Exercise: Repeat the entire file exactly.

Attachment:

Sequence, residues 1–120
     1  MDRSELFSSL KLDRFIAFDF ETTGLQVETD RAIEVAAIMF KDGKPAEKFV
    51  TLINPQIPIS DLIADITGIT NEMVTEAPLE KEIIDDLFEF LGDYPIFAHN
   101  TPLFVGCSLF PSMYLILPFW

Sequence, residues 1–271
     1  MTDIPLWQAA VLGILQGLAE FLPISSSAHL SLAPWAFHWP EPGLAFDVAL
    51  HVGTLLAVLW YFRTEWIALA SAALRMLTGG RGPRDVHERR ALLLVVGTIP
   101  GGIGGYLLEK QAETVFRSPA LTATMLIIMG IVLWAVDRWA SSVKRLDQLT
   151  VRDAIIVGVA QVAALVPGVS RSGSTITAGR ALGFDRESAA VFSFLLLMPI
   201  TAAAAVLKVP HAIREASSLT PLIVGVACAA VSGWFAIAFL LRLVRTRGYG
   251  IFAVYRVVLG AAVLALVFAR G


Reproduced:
Sequence, residues 1–120
     1  MDRSELFSSL KLDRFIAFDF ETTGLQVETD RAIEVAAIMF KDGKPAEKFV
    51  TLINPQIPIS DLIADITGIT NEMVTEAPLE KEIIDDLFEF LGDYPIFAHN
   101  TPLFVGCSLF PSMYLILPFW

Sequence, residues 1–271
     1  MTDIPLWQAA VLGILQGLAE FLPISSSAHL SLAPWAFHWP EPGLAFDVAL
    51  HVGTLLAVLW YFRTEWIALA SAALRMLTGG RGPRDVHERR ALLLVVGTIP
   101  GGIGGYLLEK QAETVFRSPA LTATMLIIMG IVLWAVDRWA SSVKRLDQLT
   151  VRDAIIVGVA QVAALVPGVS RSGSTITAGR ALGFDRESAA VFSFLLLMPI
   201  TAAAAVLKVP HAIREASSLT PLIVGVACAA VSGWFAIAFL LRLVRTRGYG
   251  IFAVYRVVLG AAVLALVFAR G